The following is a transcript of a sermon delivered on Wednesday afternoon, October 19th, 2011 during the annual pastor’s conference at Trinity Baptist Church in Montville, NJ. The preacher is Dr. Sinclair Ferguson, professor of Systematic Theology at Westminster Theological Seminary and this is the sixth session in the conference.
When the various themes were being apportioned in preparation for the conference, I think I received a list of the topics that the organizers wanted us to cover in our thinking together about this marvelous theme of the law of God, and discovering what one another of the brethren were doing, I thought what I would try and bring for these sessions this morning would be essentially two probes. The first, a probe of a biblical-theological nature into how it is that the Scriptures as a whole understand the law of God, and then in the second address, in many ways far less stimulating and interesting than the Scriptures themselves, to take a look at how it is that our Reformed or evangelical tradition has understood the law, and one or two of the issues that have obviously arisen in the history of the Christian church around the place of the law and the significance of the law, especially of course in the life of the Christian believer. So, neither of these studies is by any stretch of the imagination comprehensive in character. It will be full of holes. It’s simply an attempt to fill in some of the dots so that we can get the big picture and see how some of the more detailed areas that are being dealt with also in the conference fit into the large picture of how it is that God has given His law, why it is that God has given a law to His people, and how it is, therefore, that His people are able to say that we love His law, meditate on it day and night, and rejoice in it in every way.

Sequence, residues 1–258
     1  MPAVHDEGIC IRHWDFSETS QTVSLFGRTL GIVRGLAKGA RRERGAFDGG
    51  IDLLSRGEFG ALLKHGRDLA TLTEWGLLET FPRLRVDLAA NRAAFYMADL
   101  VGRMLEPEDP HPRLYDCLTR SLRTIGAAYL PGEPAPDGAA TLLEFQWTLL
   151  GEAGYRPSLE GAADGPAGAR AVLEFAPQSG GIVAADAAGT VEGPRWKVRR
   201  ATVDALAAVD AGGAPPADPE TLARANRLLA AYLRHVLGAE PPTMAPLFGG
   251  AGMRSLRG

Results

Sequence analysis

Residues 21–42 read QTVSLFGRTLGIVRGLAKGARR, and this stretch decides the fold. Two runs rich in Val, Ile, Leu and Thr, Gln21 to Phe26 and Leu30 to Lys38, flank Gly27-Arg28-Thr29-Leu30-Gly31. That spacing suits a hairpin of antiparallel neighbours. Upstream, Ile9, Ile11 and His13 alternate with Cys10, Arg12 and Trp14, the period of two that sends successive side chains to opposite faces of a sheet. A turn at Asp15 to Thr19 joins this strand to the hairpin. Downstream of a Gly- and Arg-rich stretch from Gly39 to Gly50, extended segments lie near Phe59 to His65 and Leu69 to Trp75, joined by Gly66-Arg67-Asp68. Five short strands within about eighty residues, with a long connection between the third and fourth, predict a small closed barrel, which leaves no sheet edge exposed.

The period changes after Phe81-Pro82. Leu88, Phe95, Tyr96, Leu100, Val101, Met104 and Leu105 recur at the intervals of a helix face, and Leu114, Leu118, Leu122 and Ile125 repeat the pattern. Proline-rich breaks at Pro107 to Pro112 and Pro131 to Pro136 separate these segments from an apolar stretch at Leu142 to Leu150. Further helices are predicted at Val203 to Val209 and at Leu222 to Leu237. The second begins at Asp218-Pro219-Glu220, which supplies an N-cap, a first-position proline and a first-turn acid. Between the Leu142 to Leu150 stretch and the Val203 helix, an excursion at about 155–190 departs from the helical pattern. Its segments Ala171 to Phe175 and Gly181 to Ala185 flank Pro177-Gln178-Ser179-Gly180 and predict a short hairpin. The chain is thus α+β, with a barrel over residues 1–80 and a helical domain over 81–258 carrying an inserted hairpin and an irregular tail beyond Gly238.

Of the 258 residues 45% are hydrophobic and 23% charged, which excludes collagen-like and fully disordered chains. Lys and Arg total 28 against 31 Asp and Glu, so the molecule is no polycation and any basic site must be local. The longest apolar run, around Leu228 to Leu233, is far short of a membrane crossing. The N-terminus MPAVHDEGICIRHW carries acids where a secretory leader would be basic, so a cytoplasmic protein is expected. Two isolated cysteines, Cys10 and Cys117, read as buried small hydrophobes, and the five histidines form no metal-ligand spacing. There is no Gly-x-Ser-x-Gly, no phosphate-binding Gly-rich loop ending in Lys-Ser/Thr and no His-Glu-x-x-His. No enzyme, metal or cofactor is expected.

Everyone knows what a probe is. A housewife knows what a probe is when she sticks that little thing into the cake to see if it’s baked, or the turkey to see if it’s ready at Thanksgiving time. If you are a surgeon, you use probes, or a dentist, you use probes. If you are an astrophysicist, you use probes. And what I want to do in this first study is to send out a few probes into various parts of the Scripture to try to collect together how it is that the Scriptures teach us to reverence the law and to rejoice in the law. I want to begin by fixing the framework of reference. It seems to me that one of the most important statements made in the Scriptures about the law of God is found in Romans 7:12 where the Apostle Paul speaks about the holiness of the law and the goodness of the commandment. You remember the context because you’ve just been studying it together with Dr. Martin, when he says in this marvelous passage, “So,” he says—and this is significant because that “so” is set within the context of the enormous, internal struggle about which he is speaking. “So,” he says, what needs to be affirmed, especially because he’s speaking about the manner in which the law exposes sin. He says, “…you need to understand that the law is holy and the commandment is holy and righteous and good.” And it seems to me we will never be persuaded of the biblical understanding of the law or the role of the law in the life of the Christian believer until that principle is firmly fixed into our hearts: the law of God is good. It comes from a good God, and it is an expression of His goodness. And in some senses, every error—and there are many in connection with understanding and applying the law of God—manifest an inability or a lack of appreciation to grasp this principle: God’s law in every era of redemptive history is unmitigatedly good. And when we grasp that principle, I think we are ready to understand how it is that the believer is able to rejoice in the law.